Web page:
Wife Disappears After Hus* band Quarrels With Her ! Sister From Midwest. Police were asked today to search for Mr*. Ruth Syverion, 35, of the Westchester Apartments, missing since Saturday. Thomas S. Syverson, her husband, a P. W. A. accountant, said she van ished after he had quarreled with her sister, who had been visiting them. Mrs. Syverson may be with her sister, who lives In Minneapolis, he said. When last seen, Mra Syverson, who Is small, was wearing a brown straw hat and carried a brown patent leather bag. Two boys and an 18-year-old wait ress were among other missing per sons sought today. Mrs. Mamie Jewett, 1317 I street northeast, told police her sons, Tommy, 18, and Frank, 16, disappeared last night and may be on their way to South Carolina, accompanied by Billy Mayfield, 17, of 609 Florence street northeast. Miss Laferne Maddox. 18, has been missing for three weeks from her Takoma Park, Md.. home, according to her sister, Mrs. Jerry Kemey, 3220 Fortieth street. JURY TRIAL RIGHTS UPHELD BY COURT Option Approved in Police Court ( Cases With Possible Sen tences of 90 Days. The United States Court of Ap peals held today that jury trials may not be denied Police Court defendants charged with offenses which carry possible jail sentences of 90 days or more. a saw. turnip t* cue uuitcicu ill IWU | rases. One was that of Ethel Clawans. charged with engaging in the busi ness of dealer In the return portions of railroad excursion tickets, con trary to provisions of a statute passed in 1932. The maximum sentence here is a $300 fine or 90 days in jail or both. On arraignment in Police Court, Miss Clawans demanded a jury trial which was refused. On conviction •he was ordered to pay a $300 fine or serve 60 days in jail. The other case involved Pearl Blackburn, who was convicted of so liciting* and was sentenced to pay a fine of <100 or serve 90 days. Palmer i _ (Continued Prom First Page.) him to take up a secret residence In the Capital. Another bomb was ad dressed to him by mail, but it was Intercepted by postal inspectors. Besides his prosecution of radicals. Mr. Palmer conducted a vigorous fight on food hoarders and led the post war battle to lower the cost of living. Among other things, he Initiated an anti-trust suit which ended when the big packers agreed to refrain from en gaging in unrelated lines of business. In October, 1919, he obtained an in junction to restrain labor leaders from tying up the country’s bituminous coal mines. This injunction a few years later was used as a precedent by At torney General Daugherty in proceed ings in connection with the railroad •hopmen’s strike. Turned Over Patents. Soon after America entered the World War Mr Palmer was called on to become alien property custodian, and he seised $700,000,000 in enemy ■properties. Disputes over the methods of handling these trusts ensued for many years. It was under his direc tion that the German dye and chem ical patents were seized and later turned over to the Chemical Founda tion. His contention was that the step was necessary to build up an American industry free from German domina tion and this contention was advanced when a suit was started to cancel the transaction. Even after his appointment to the post of Attorney General the quarrel over the seized properties continued and a congressional investigation final ly determined that the charges against him were not sustained. Before retiring as Attorney General Mr. Palmer, In 1920, announced his candidacy for the Democratic nom ination for President. He became one ©f the "big three,” with James M. Cok and William G. McAdoo, at the San Francisco convention that year, re- I ceivlng a peak vote of 267. Elected te House in 1908. Bom at Moosehead, Pa., May 4,1872, Palmer attended school and college In his native State and was admitted to the bar in 1893. He was elected to the House in 1908 from the twenty sixth Pennsylvania district. As a member of the House Ways and Means Committee, he framed the metal schedule of the Underwood tariff bill, surviving a fight over the higher rates proposed for ferro-man ganese which his opponents charged were to protect the big steel interests. He introduced the joint resolution proposing the woman’s suffrage con stitutional amendment and was author of the act prohibiting the products of child labor In Interstate commerce. On one occasion Palmer ran for a seat in the Senate from Pennsylvania, but was beaten by Boies Penrose. Later he appeared in the Teapot Dome in vestigation, where, as counsel for Ed ward B. McLean, he denied assertions In several telegrams sent to the for mer publisher. No Zevely Partner, He Said. He said then that he had not been h partner of J. W. Zevely, attorney for Hprry P. Sinclalrv and had not looked after the Interests of Albert B. Fall. He denied he had asked Senator Underwood of Alabama or any one else to bring pressure to hear on Senator Walsh of Montana, the committee prosecutor, to keep McLean off the stand. Mr. Palmer held honorary degrees from Swarthmore, Lafayette and George Washington Universities. He was a long resident of Stroudsburg, Pa., where he maintained a Summer residence and where he was identified .With many business Interests. :> He wss married twice. His first Wife, Roberta Dixon of Easton, Md., .Whom be married in Baltimore No vember 33,18M, died January 2, 1933. They had one daughter, Mary Dixon Palmer. On August 39, 1933, he mar ked Margaret Fallon BurraU, a widow, Connecticut. - After retiring from publle life Mr. Palmer devoted his time to the pri vate practice of law in Washington. Washington Wayside . Tales Random Observations of Interesting Events and Things. PROGRESS. HE bicycle may be coming back so far as the general public is concerned, but it went away in the Park Police the other day. Went for good, too. The bicycles which have not been used much in recent years were turned over to the property sergeant of the department last Friday. Some of them had traveled thousands of miles in the service of Uncle Sam before members of the force decided they would rather walk or use their private cars in patroling their beats. At that, the Park Police used bi cycles longer than the Metopolltan Police Department, which abandoned them altogether about three years ago. The bicycle has figured in Washing ton police annals almost from the day it was Introduced. It continued in service after the appearance of the motor cycle in the case of those beats which were too long for footmen and too short to justify the expense of the motorised two-wheeler. Time was. when the local speed limit was 18 miles an hour that bicycle police men used to make traffic cases against speeders. Passing of the “bike” is not quite complete for the officers at the Zoo have kept theirs for further use. If you want to see one as a sort of re minder of the good old days, you can go out there. * * * * TRADITION. pVERY day the bust of the late Claude Kitchen in the Capitol has its face washed. For some entirely unexplainable reason visitors to the Capitol think it amusing to tweak the marble no6e of the late distinguished House leader. Probably each visitor thinks he is yielding to a novel impulse. But he isn’t. He is just obeying an old Capitol tradition. * The dally face washing is the re sult. * * * * NOCTURNE. Out around Newark street and Wisconsin avenue the nights have become a bit too full of music— not the kind of music you're think ing of, but the plaintive melody of a strange nocturnal bird. For the past few nights the bird has started his song between 11 and 12 o’clock, but there was one slumber time when he cut loose at 9 p.m. with such vigor that he awakened all other bird species in the neighborhood. A bit tentatively at first, but finally in full exultant cry, they joined in the song. It went on, and on, and on. It was something to listen to—all the birds going mad in the moon light. Whether it wanted to or not, the neighborhood listened. * * * * WRONG CARD. nr HERE are certain undeniable ad vantages in these quantity-pro duced greeting cards, but Miss Tacie Bolen could tell one of her friends that they also have their disadvan tages. The particular disadvantage which Miss Bolen learned on her birthday anniversary last Saturday is that it is possible to select the wrong card. “Saturday is your anniversary," read the outside of the card. That was true enough. “I hope you always will be happy together." read the last line of the verse on the inside. That isn't true at all. * * * * INSURGENT A YOUNG Chevy Chase matron was greatly distressed when her young hopeful showed up at home with the brief announcement that his kinder garten teacher had suspended him for three days. Under cross-examination the whole story came out. It seemed that the Y. H. had flna rebelled against the “regimentation" to which he and his associates were subjected. He craved excitement and he didn't get it. The blow-off came when the children were lined up for a marching exercise. - 1 —— “You're—you’re just a bunch of ‘sissies’ said the non-conformist ve hemently, looking directly at the as tounded preceptress. From now on silence will be golden —and safer. ■ * * * * HABIT? Habit is harder to break than locks sometimes. Such was the deduction of Police Court attaches in a case that in volved a relatively new employe of an outlying small business estab lishment. The chap was accused of break ing and entering the establishment of his new employer. On the stand, he admitted it teas rather dumb of him to have used that method of paying a nocturnal visit to the place in order to get some beer. Quite dumb, indeed, in view of the fact that he had a key to the store in his pocket all the time. He com pletely forgot. MURPHY COMING HERE Quezon to Accompany Him aa Far as Shanghai. MANILA, May 11 (^.-President Manuel Quezon announced yesterday be would accompany High Commis sioner Frank Murphy as far as Shang hai when Murphy sails May 13 for the United States to discuss with President Roosevelt the forthcom ing Philippine-American trade con ference. Recently Quezon said if there were no prospects for quickly Improving the economic provisions of the hil ippine independence law he would prefer to ask for immediate inde pendence, rather than await expira tion of the 10-year transition period. KIDNAPERS FREE Keep Car in Flight From “G-Men Making It Hot for Us.” > By m« Associated Press. BUFFALO, N. Y., May 11.—Kid naped by two men u he left an Erie, Pa., theater last night, Jeffrey W. So bel, 44, a prominent attorney of Erie, was released unharmed here early to day. The kidnapers kept his car, and made certain they had hi* operator's license and registration papers in the wallet they took from him. Buffalo police believe they wanted his car, and merely took him on the 90-mlle ride from Erie so he could not report the theft immediately. Sobel said they told him they were escaping from “G-Men who are mak ing it hot for us.” In the belief they might be headed for Canada, police guarded the International Bridge to day. Quieted by Federal Agenta. The Erie man, a former assistant district attorney there, was ques tioned for almost three hours by Fed eral agents. They said they had “no comment." Sobel said his captors addressed each other as “Joe” and “Red” and that one was armed with a revolver. He said he was entering his auto mobile as the two came up about 11:30 last night, and with showing the muzzle of a nickel-plated revolver they climbed Into the front seat beside him and told him to “shut up and drive.” Avoided Police Suspicions. They ordered him to observe traffic regulations, kept his speed under 30 miles an hour so police would not become suspicious, and once, near Westfield, N. Y.. one stood guard over him beside the highway while the other drove to a gas station. Sobel was ordered out of the car in Eggertsville, Buffalo suburb. His captors told him he would find his car six blocks iwiy, but it was not found. After notifying police, Sobel called Deputy Attorney Oeneral Alfred P. Cohen, a friend, and it was in Cohen's office that h* was questioned by the authorities. He said the man called “Joe” was about 32 and that “Red" was about 31. Joe had a shabby beard, "Red" a black mustache. PROMINENT AS LAWYER. Kidnaped Man Former Assistant Dis trict Attorney. ERIE. Pa., May 11 —Jeffrey W. Sobel, 44, released by kidnapers at Buffalo today, is prominent in North western Pennsylvania law circles and formerly was assistant district attor ney of Erie County. He is the son of Isadore Sobel. 82, president of the Erie Bar Association and head of B'nai B'rith In Penn sylvania. Police here said the kidnapers forced the attorney to walk four blocks down a crowded street to his automobile, then drove away with him toward Buffalo. WAR ON DEALERS ASKED Punishment Urged for Sale of Liq uor and Tobacco to Minora. District officials and police were asked by the Harrison Bible Class of Congress Street Methodist Church yesterday to “punish dealers who sell beer, liquor, wine, cigarettes, cigan and tobacco to children.” The resolution, Introduced by James S. McCarthy, commended District At torney Leslie C. Garnett, Superin tendent of Police Ernest W. Brown and other* “for their fine service in cleaning out gamblers, bootleggers, numbers racketeers and all forms of crime in the District of Columbia.” The class declared it “takes great pride” in the service of Brown In or ganizing boys’ clubs. Eckener (Continued Prom First Page.) partments before leaving for the White House. Coming from New York. Dr. Eck ener was met at Union 8tation by offi cials of the German Embassy and pro ceeded at once to the Willard Hotel. There he had breakfast and a brief chat with Amelia Earhart and Eugene Vidal, director of the Commerce De partment’s Bureau of Air Commerce. Dr. Karl Ritter, head of the com mercial department of the German foreign office, one of the Hlndenburg passengers, paid a brief visit to Wash Lakehurst as an American Airlines passenger and went to the German Embassy from Washington Airport. At the embassy it was announced that Dr. Ritter had called socially on the officials there. He was unwilling to grant an Interview to newspaper men, it was reported. Dr. Ritter was to leave Washington via American Airlines at 5:23 pm. today for Lake hurst, to take passage on the Hln denburg on its return trip. FAIR WEATHER FORECAST. Prospect for West-to-East Record Bright. LAKEHURST, N. J., May 11 UP).— A prospect of fair weather for its homeward voyage to Friedrichshafen bolstered today the prospects for the Hlndenburg to break the airship rec ord for the west-to-east crossing of the Atlantic. Hie mid-afternoon weather map corroborated previous forecasts that surface cross-winds might delay the movement of the newest and largest German Zeppelin from its hangar, at the Naval Air Station here, to the mobile mooring mast on the field. But station officials aaid the wind would probably abate sufficiently to permit taking the airship out of the hangar by 10 pm. (Eastern standard time) tonight and said weather condi tions over the ocean were good. Time ef Take-Off. On this basis, the Hlndenburg would weigh off from the mooring mast around midnight tonight and immediately turn its silvery noee to ward Germany. It was expected to pass over New York City within an hour after leaving Lakehurst. On its first trip across the North Atlantic, which it completed Saturday, the Hlndenburg established a new record of (1 hours and 53 minutes. The previous best crossing for lighter - than-alr craft was established in 1924 when the Los Angeles was brought over from Germany. The Oraf Zeppelin holds the present record for the test ward crossing which, officers are confident, will be broken by the Hindenburg. 51 Passengers Listed. Passengers for the return flight—a full load of 51 have made reservations —were instructed to be at the air base this afternoon. Lieut. Oomdr. J. M. Thorton and Lieut. H. T. Orville, both attached to the. Lakehust Naval Station, will make the trip as ob servers for the United States Navy Department. The Hindenburg needed only a few final touches to make it ready tor the take-off. Capt. Ernst Lehmann anticipated favorable winds for the eastward flight. "We are making preparations to go at 10 o'clock.” he said. "Cross-winds might delay us a little, but we will have good weather on the way over.” The cross-winds might foroe a change in the planned early evening moving of the ship from the hangar to the mooring mast on the field. The Hindenburg is to make 10 commercial trans-Atlantic trips this year. Speaks at Gotham Dinner. Dr. Eckner told the diners last night he hoped Its achievements would lead to "the rebirth of the American Navy dirigible idea.” Comdr. C. E. Rosendahl, American ace of dirigible aviation, told the same gathering: “I hope other Americans now will begin to appreciate what we enthu siasts for. airships have had in mind. We Americans have had our ups and downs. Now, I believe, the curve is upward.” Dr. Hans Luther. German Ambas sador, praised the Hindenburg’! achievement "for the sake of the work for world peace, which the German people and their leader, Adolf Hitler, are passionately striving for—not withstanding many rumors and mis interpretations." R. Walton Moore, Assistant Secre tary of State, brought the greetings of President Roosevelt. "The President has instructed me to welcome you to this country and to congratulate you on the successful completion of your venture,” Moore told the grissled airship expert "I thank you. That’s very nice,” Dr. Eckener replied. Admiral William H. Standley, acting Secretary of the Navy, headed the group of Navy officers in the delega tion. The crowd that milled about the station and filed through the hangar was reminiscent of the early years of dirigible activity here. Four thousand persona were on hand when the reservation gates were opened, the throng continued through out the dayiv BY LABORJLEAGUE Berry and Lewis Tell Execu tive Campaign Quarters Are Opened. President Roosevelt today was in formed by Maj. George L. Berry, presi dent of Labor’s Non-Partisan League, and John L. Lewis, chairman of the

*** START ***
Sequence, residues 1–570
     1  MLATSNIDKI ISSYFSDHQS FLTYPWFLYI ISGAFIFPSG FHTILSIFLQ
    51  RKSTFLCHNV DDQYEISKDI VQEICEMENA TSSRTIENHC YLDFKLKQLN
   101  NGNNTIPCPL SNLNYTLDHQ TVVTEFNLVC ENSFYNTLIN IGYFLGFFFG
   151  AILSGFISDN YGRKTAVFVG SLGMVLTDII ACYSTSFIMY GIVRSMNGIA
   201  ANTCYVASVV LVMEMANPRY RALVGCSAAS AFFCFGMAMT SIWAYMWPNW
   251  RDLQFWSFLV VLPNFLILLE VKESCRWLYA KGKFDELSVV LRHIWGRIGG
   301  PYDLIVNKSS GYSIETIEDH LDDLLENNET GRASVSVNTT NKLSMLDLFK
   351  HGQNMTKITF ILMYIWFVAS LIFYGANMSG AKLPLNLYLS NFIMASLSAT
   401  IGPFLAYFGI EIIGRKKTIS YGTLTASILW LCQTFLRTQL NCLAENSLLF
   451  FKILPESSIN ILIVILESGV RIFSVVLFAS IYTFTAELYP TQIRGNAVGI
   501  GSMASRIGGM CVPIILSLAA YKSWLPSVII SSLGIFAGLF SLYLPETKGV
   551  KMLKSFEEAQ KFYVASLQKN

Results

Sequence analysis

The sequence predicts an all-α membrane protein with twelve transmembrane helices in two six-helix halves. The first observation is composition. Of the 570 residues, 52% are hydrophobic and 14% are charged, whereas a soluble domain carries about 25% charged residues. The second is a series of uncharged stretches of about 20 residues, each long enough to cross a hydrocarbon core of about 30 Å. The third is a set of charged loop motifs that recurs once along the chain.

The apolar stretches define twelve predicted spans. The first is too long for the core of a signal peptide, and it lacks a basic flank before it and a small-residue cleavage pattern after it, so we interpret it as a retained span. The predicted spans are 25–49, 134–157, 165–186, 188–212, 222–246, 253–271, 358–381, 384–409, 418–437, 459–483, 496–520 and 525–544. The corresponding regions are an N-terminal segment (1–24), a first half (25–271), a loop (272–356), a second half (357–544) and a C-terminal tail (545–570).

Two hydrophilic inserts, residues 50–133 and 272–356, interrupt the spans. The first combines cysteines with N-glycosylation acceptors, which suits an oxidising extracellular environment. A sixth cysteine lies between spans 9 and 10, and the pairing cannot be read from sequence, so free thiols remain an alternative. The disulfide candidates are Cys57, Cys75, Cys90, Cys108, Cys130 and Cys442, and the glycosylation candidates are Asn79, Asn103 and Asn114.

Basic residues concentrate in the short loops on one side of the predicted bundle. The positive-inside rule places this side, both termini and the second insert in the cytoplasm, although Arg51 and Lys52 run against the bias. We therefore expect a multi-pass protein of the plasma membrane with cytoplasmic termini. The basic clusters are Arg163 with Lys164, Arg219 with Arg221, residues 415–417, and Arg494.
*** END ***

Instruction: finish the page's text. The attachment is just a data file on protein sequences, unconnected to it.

board, that they have opened head quarters in the Willard Hotel and from now until election day will campaign in the Interest of his re-election. Berry, head of the pressmen's union, who formerly was co-ordinator for in dustrial co-operation, and Lewis, presi dent of the United Mine Workers of America, made it plain they will de vote most of their time in promoting Mr. Roosevelt's candidacy. They said after their audience with the Presi dent that this is the first direct infor mation he has had of the purposes of labor and labor sympathizers in the formation of a definite, active instru mentality, such as the newly created league. Definitely tor Roosevelt. In a Joint statement, they amplified: "We sincerely hope that there will be no question as to the motives and purposes of Labor's Non-Partisan League, because we want to emphasize definitely the fact that its sole objec tive is to re-elect Franklin Delano Roosevelt to the presidency of the United States. That ought to be suffi cient to any one who might be in terested." They said they Informed the Presi dent that they have secured the con sent of more than 4,000 speakers who will campaign for Mr. Roosevelt in every State. They added that ap proximately 30.000 officials of trade unions have committed themselves to act and have authorized the use of their names as sponsors for the league. No Neutral Attitude. "There is nothing neutral about Labor's Non-Partisan League." they added. "We accept the challenge of the several organizations that have come Into existence which have for their objective the defeat of the Presi dent. We are neither afraid, bashful or timid in our determination to con tribute to the complete unmasking of the offensives of the Manufacturers' Association, the Liberty League, the so-called Grass Root Democrats of the South, or any other such organi zations formed to defeat the Presi dent." The two then pointed with satisfac tion to the results of their organiza tion in Illinois, Pennsylvania, Ne braska and California. They pointed out that the league does not propose to solicit financial assistance and will not accept contributions from any source except those who constitute the league itself. Both said the President was highly pleased with the league activities. Berry, in response to reporters’ ques tions, said he had never been on the Federal pay roll and never expected to be. « ' ■■■■•■ PROSECUTOR DEMANDS HANGING FOR JAMES Says Suspected Wife Death Plot tar Will Not Be Allowed Life Sentence, By tilt Associated Press. LOS ANGELES, May 11.—District Attorney Buron Pitts said yesterday that any plea of Robert James, held for the murder of his wife by rattle snake poison and drowning, for a life sentence will be rejected. "James must hang," said Pitts. "Our case is complete and we need no more evidence.” James and Charles M. Hope are held on a charge of having forced the for mer’s wife, Mary Busch James, to place her foot in a box of live rattle snakes. and then drowning her in a bathtub when the poison failed to work. Doves Carry Mother’s Day Peace Message Above: The releasing of doves as a message of peace to mothers throughout the world was a feature of the Mother’s day service at the Tomb of the Unknown Soldier in Arlington National Ceme tery yesterday. The girls, from Fairmont School, are (left to right): Patricia Childs, Mary Catherine Sloan, Mar jorie Murfln, facing the tomb, and Katherine Gernert. Below: William Bond (left) and Don Brandt, members of the Police Boys’ Club Band, which participated in the Police and Firemen’s Catholic Society program in honor of Mother’s day, are shown with the band's sponsor, Col. C. J. Brown, center. —Underwood Underwood Photos. - < TRIBUTES ARE PAID Mammoth Service Is Held in Arlington National Cemetery. Washington joined the Nation in observance of Mother'! day yesterday as church, civic, military and political leaders paid eloquent tribute in ser mons and at patriotic gatherings to the central figure in America's family life. At a mammoth service in Arlington National Cemetery statesmen. diplo mats and patriotic organizations met to eulogize the American War Mothers and place more than a score of wreaths at the Tomb of the Unknown Soldier. In the morning the Police and Firemen's Catholic Society of Wash ington and their mothers attended mass in St. Patrick's Church, after which, led by the 68-piece Police Boys’ Club Band, they marched to the Wil lard Hotel for a Mother's day break fast. At the Arlington service Senator Robinson of Arkansas and Represent ative Greenway of Arizona were the speakers and the Army Band, di rected by Capt. Thomas P. Darcy, Jr., provided music dedicated to the occa sion. Robintsn Pleads for Peace. "While honoring the mother* who gave their sons to the last great war we must think of and pray for a world of peace.” Senator Robinson declared. Mrs. Greenway emphasised the need for leadership on the part of mothers who give their sons to the world's armies. "The power to prevent war lies with thoee who have the courage to direct public opinion,” she said. ’ Aggres sion must give way to reason if we are to have a warlesa world.” Mrs. Lenore Stone, former president of the American Wa Mothers, read a message from Mrs. Howard C. Boone, president, who was prevented from attending by Illness. “If mothers are right, the world is right.” Mrs. Boone stated. “A good mother makes a good soldier.” Gathering at the Knights of Co lumbus building, more than 600 mem bers of the Police and Firemen's Catholic Society marched to St. Pat rick’s Church to hear Rev. Ignatius Smith of Catholic University preach cm “Motherhood.” Bishop John M. McNamara celebrated mass. Speakers at the breakfast Included Senator Duffy of Wisconsin and several Rep resentatives. A recital featuring Lithuanian songs and dances was presented last night by the Washington and Baltimore chapters of the American Lithuanian Society at the Knights of Columbus Hall. Dr. Povilas Zadeikis, Minister of Lithuania, was guest of honor. A mixed choir, representing St. Alphon sus Church, Baltimore, collaborated with the Washington choir in render ing native songs. An old-fashioned home-cooked breakfast, designed to revive “back home” memories, was served resi dents of the Y. M. C. A. dormitories yesterday as a Mother's day treat by the Young Men's Christian Associa tion. Mrs. Giles 8cott Rafter, past presi dent of the Congress of Parents and Teachers, spoke. George Stafford, chairman of the Social Welfare Com mittee of the Y. M. C. A. Dormitory Council, presided. CONFESSION REPORTED Detective Saye Map Admits Slay ing Niece With Ax. LITTLE ROCK. Ark., May 11 (JF).— Chief of Detectives J. O. McDougal of North Little Rock said last night that a man booked as Charles Haney, 55, second-hand clothing dealer, had confessed to the ax-slaying of Mrs. Essie McCloiaer, his 23-year-old niece. McDougal said the man signed a written confession. Mr. McCloister, North Little Rock police said, was Haney’s niece and housekeeper. Haney was quoted as saying a fight followed his attempt to regain pos session of |ds money. Taxes (Continued From First Page) tion of the tax schedules In the House bill. They will present to the com mittee. he said, a single schedule in place of the five In the House meas ure, which would accomplish the same end. , Before the committee met. Senator Byrd wrote Secretary Morgenthau say ing 11 huge corporations could escape all taxes under the House bill. He listed 29 others which he said might pay less than under existing tax laws. He requested the Treasury to supply him a list of all other corporations with incomes of $1,000,000 and mire a year which might have a lighter tax bill If the House measure should be enacted. Byrd, a member of the Finance Committee, expressed concern over any possibility of ‘‘giving these large cor porations a greater advantage, and perhaps a stranglehold over their present smaller competitors." The tax bill, as passed by the House, is featured by a new type levy on corporation Income, graduated ac cording to the percentage of income withheld from dividend distribution. The tax would range up to 42 H per cent on net income. The bill provides for the eventual repeal of existing cor porate taxes, so a corporation which distributed all Its net Income would pay no taxes. Byrd wrote to Morgenthau that he was "concerned about the application of the proposed tax policies to those corporations which now have large surpluses and a strong cash or credit position." "We must make certain,” he said, “that legislation does not prevent the healthy growth and expansion of our smaller businesses by imposing a penalty upon them if their financial position and their business opportuni ties do not permit the payment in dividends of substantially all their profits. I want your assistance in appraising the situation.” The list of 11 “financially strong” corporations which, Byrd said, can "completely avoid taxation" by dis tributing their income as they did in 1934 follows: American Telephone A Telegraph Co., American Tobacco Co., American Smelting A Refining Co., General Elec tric Co., Goodyear Tire A Rubber Co., International Harvester Co., National Biscuit Co., National Dairy Products Co., Ohio Oil Co., R. J. Reynolds Tobacco Co. and Texas Co. On the same basis, Byrd said the following 13 companies would pay less than 5 per cent instead of 15 per cent under the present law: Air Reduction Co., Allied Chemical A Dye Co., Corn Products Refining Co., Curtis Publish ing Co., E. I. du Pont, Firestone Tire A Rubber, General Goods, Great West ern Sugar, Imperial Oil. Liggett A Myers Tobacco, Parke-Davis, Pennsyl vania Railroad and United States 8melting A Refining. He said the following 1$ would pay b less than 10 per cent Instead of 15: American Can. Armour k Co., East man Kodak. General Motors. Great A. k P. Tea. International Shoe, J. C. Penny, Phillips Petroleum. Jh-octor k Gamble. Socony-Vacuum, Standard Oil of California. Indiana and New Jersey, Texas Gulf Sulphur, United Fruit and F. W. Woolworth Cripples (Continued From First Page > night before had sprawled over hard desks in Walker-Johnson Building hallways. The money came from Miss M. Alice Hill, director of the Public As sistance Division of the Board of Public Welfare. The recipients were well-fed, bathed and rested this morning as a result of it and pleased at their progress toward getting the Government to recognize their pecul iar problem in regard to the relief problem. The demands of the crippled pil grims are threefold. "First.” said Harry Friedman this morning, "we want 5.000 jobs in New York City for the handicapped. Victor Ridder, the New York City W. P. A. administrator, has been to Washington to plead our cause, and yet Saturday they said here they never heard of UB.” ■'Yes.” interjected Jack Martin. • we've studied the W. P. A. run-around system from A to Z. We’ve seen what their word means. They say one thing in man-to-man conversation, but do something else as an official. They keep on getting out of holes by just acting the nice guy.” Would Keep Jobs. "Second,” went on Friedman, "we want them to rescind the November 1 ruling that nobody on relief before that date is eligible for W. P. A. jobs. And, third, we want it understood there are to be no dismissals for handicapped workers already em ployed by the W. P. A.” One point the visitors wish to im press on the works progress adminis trator is their opinion that modern government operates better under a theory of centralization. •'Holt said the States have had re lief to handle for 200 years,” said Friedman, "and that he saw no rea son for changing It now. But when the Federal Government put up $100,000 for vocational rehabilitation work If New York State would match the money, the State could only ap propriate $40,000. So we got $80,000 instead of $200,000. If the central authority had just gone ahead and put out the money regardless, we would be a lot better off.'’ Williams’ promise to the resolute workseekers of transportation back to New York solved one of the pil grims’ most acute problems. They arrived in a truck provided by a friend, which was sent back to New York yes terday. t The National Scene BY ALICE ROOSEVELT LONGWORTH A MEASURE hu passed the Senate and is now in the House Judiciary Committee which Is entitled, “An act to prohibit employers from Influencing the vote oi their employes in na Itionai elections, it provides a nne lor corpora tions and fine or imprisonment for individuals who "influence or attempt to influence, through fear or intimidation, the vote of any person employed by them.’’ It is one of those things that sounds exceed ingly noble and possibly necessary until you try to interpret its provisions. Could a political speech expressing the conviction that some New Deal policy would inevitably lead to industry closing down and throwing men out of jobs be construed as intimidation? And if it is made unlawful for private employers to influence, what about administration propaganda by P. W. AUM J>BfW#rtn. A., W. r. A, »nu outer uuvcuuucm • bcuvicb among workers on projects financed by the taxpayer? And what about the influence of labor leaders? If there is any curb put on free discussion of political questions it would be only fair to apply it all along the line. (Copyright 1»3«> ---f STRIKE IN GREECE PARALYZES TRADE Troops Defied in Walkout. Four Warships Speed to Salonika. BACKGROUND— To the throne of Greece George was recently restored through a plebiscite that was declared to he overwhelmingly in favor of the monarchy. Royalists, before' and since, have had benefit of the sup port of the military leaders. By the Associated Press. ATHENS, May 11—Salonika * stub born strikers defied military orders and forced a shortage of bread and other foodstuffs today. While four Greek warships sped to the troubled area, the strikers flouted District Comdr. Gen. Zeppos decree that they halt business tie-up. Lighting and traffic services were operating only intermittently. ( Troops, reinforced by soldiers from the provinces, broke up a Salonika strikers’ meeting and warded off at tacks by firing blank cartridges. Rifles Are Used. Rifles also were used In the suburb of Toumba to disperse a workers' meeting and in another part of the city to drive off a crowd of strikers, who, armed with clubs, stoned a police station, smashing the windows. A wholesale round-up of labor lead ers and members of the strike com mittee was begun. Representatives of the various politi cal parties decided to ask the gov ernment to consider the strikers’ de mands. meanwhile asking the strikers to go back to work. ' Salonika stores remained closed all morning. Trade in general was paralyzed. Some commercial and in dustrial organizations, however, met at noon and decided to attempt a re opening. Newspapers did not appear, and the few automobiles and street cars \rm evidence were operated with the ai'fl of xnlriipm Streets Patrolled. Up to late this afternoon there were no new disorders in Salonika, but the city continued nervous. Pub lic meetings were forbidden and heavy patrols of soldiers, sailors and gen darmirie tramped through the streets. Minor clashes took place in Athens and Piraeus when police broke up a number of meetings. In a cabinet disagreement, Interior Minister Vryacos resigned. Minister of Justice Logothetis took over his portfolio temporarily. Forty thousand workers had been on strike more than a week, and the Greek Labor Federation called a 24 hour general strike of sympathy to * begin at midnight tomorrow. Government officials acknowledged that the situation was grave, but ex pressed confidence they could sup press further disorders. The strikes began with a walkout March 25 of tobacco workers demand ing higher wages and a fixed pension system. Military authorities took command of Salonika after fierce fighting there between troops and striking tobacco workers, and the navy destroyers were sent to assist the army In keeping order. Disorders spread to Piraeus, seaport of Athens, during the night as tobacco workers demonstrated and clashed with police. Ten workers wera In jured. Automobile workers called a strike of protest, but this move failed, at least in Athens. Tram and railway ; workers of Macedonia resumed work I after another 24-hour strike, but the tobacco workers remained out. * War Minister Gen. John Metaxas 1 attributed the strikes to "purely po ! Htlcal” motives. _ VOTE FOR DISTRICT WINS IN DEBATE National U. Team Consists of Mil dred Coray, Sherman Gunn and Stanley Rider. Arguments In support of national representation for the District received the unanimous approval of the Judges presiding at the final class debate of the year at National University Sat urday night. The winning team, composed of Mis* Mildred Coray. Sherman Gunn and Stanley B. Rider, had the affirmative of the question: "Resolved, that the District of Columbia shall be governed by a board of commissioners elected by the people, and that the District should have national representation in ' Congress." At the conclusion of the debate Gunn was selected as the best legal debater of the class and Rider was picked as the best public speaker. Members of the negative team were Miss Reila Terrell, who received hon orable mention as best speaker; James Hayden and Giles Morrow, given hon orable mention as best debater. The debate was arranged by Thomas E. Rhodes, attorney, who Is In charge of the debating class. Rhodes House Memorial. The house in Bishop Stortford, Eng land. where Cecil Rhodes, the empire builder was born, Is to be preserved as a permanent memorial. i .1 I rcssin TODAY. Senate: In recess as tribute to late Senator Trammell of Florida. Finance Committee discusses tax bill In executive sesison. House: Votes on $2,364,980,000 deficiency aP proprlation bill carrying $1,425,000,000 relief item. Considers discharge of Rules Com* m it tee from further consideration of Fraxler-Lemke farm mortgage bill. TOMORROW. Senate: Will take up unanimous consent calendar. Finance Committee meets on tax bill (executive). House: Program uncertain. Interstate and Foreign Commerce Committee considers bill to regulate bondholders’ committees, 10 am. Post Offices and Poet Roads Sub committee considers postal bills, 10 am. Special subcommittee of District Committee continues hearings on Juvenile Court bill, 10 am. Special subcommittee of District Committee begins hearings on nar cotic control bill, 10 a.a.